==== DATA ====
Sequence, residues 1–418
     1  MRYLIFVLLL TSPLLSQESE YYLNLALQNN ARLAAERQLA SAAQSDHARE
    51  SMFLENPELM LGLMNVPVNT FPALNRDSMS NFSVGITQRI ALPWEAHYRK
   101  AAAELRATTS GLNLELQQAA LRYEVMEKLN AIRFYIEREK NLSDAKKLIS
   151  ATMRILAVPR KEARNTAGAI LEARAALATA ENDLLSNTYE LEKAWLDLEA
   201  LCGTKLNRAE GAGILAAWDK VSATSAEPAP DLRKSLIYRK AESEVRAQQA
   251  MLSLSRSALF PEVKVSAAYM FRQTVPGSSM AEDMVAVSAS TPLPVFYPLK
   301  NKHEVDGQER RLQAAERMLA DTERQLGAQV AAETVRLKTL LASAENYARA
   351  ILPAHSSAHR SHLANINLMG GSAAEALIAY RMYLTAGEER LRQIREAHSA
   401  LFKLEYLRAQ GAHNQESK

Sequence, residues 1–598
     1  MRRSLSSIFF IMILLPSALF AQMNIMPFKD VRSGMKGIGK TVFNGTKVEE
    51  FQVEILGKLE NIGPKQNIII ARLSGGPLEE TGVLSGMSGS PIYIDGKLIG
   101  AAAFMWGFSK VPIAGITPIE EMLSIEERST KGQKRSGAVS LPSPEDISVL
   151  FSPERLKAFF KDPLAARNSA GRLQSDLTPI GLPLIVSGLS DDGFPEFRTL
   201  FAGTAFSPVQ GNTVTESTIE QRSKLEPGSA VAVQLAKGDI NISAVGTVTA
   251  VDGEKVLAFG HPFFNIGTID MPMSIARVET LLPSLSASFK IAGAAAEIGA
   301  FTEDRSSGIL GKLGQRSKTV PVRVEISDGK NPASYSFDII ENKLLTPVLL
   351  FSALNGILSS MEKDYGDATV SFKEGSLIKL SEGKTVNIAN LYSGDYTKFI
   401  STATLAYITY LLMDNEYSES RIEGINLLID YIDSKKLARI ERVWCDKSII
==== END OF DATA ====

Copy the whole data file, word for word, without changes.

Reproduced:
Sequence, residues 1–418
     1  MRYLIFVLLL TSPLLSQESE YYLNLALQNN ARLAAERQLA SAAQSDHARE
    51  SMFLENPELM LGLMNVPVNT FPALNRDSMS NFSVGITQRI ALPWEAHYRK
   101  AAAELRATTS GLNLELQQAA LRYEVMEKLN AIRFYIEREK NLSDAKKLIS
   151  ATMRILAVPR KEARNTAGAI LEARAALATA ENDLLSNTYE LEKAWLDLEA
   201  LCGTKLNRAE GAGILAAWDK VSATSAEPAP DLRKSLIYRK AESEVRAQQA
   251  MLSLSRSALF PEVKVSAAYM FRQTVPGSSM AEDMVAVSAS TPLPVFYPLK
   301  NKHEVDGQER RLQAAERMLA DTERQLGAQV AAETVRLKTL LASAENYARA
   351  ILPAHSSAHR SHLANINLMG GSAAEALIAY RMYLTAGEER LRQIREAHSA
   401  LFKLEYLRAQ GAHNQESK

Sequence, residues 1–598
     1  MRRSLSSIFF IMILLPSALF AQMNIMPFKD VRSGMKGIGK TVFNGTKVEE
    51  FQVEILGKLE NIGPKQNIII ARLSGGPLEE TGVLSGMSGS PIYIDGKLIG
   101  AAAFMWGFSK VPIAGITPIE EMLSIEERST KGQKRSGAVS LPSPEDISVL
   151  FSPERLKAFF KDPLAARNSA GRLQSDLTPI GLPLIVSGLS DDGFPEFRTL
   201  FAGTAFSPVQ GNTVTESTIE QRSKLEPGSA VAVQLAKGDI NISAVGTVTA
   251  VDGEKVLAFG HPFFNIGTID MPMSIARVET LLPSLSASFK IAGAAAEIGA
   301  FTEDRSSGIL GKLGQRSKTV PVRVEISDGK NPASYSFDII ENKLLTPVLL
   351  FSALNGILSS MEKDYGDATV SFKEGSLIKL SEGKTVNIAN LYSGDYTKFI
   401  STATLAYITY LLMDNEYSES RIEGINLLID YIDSKKLARI ERVWCDKSII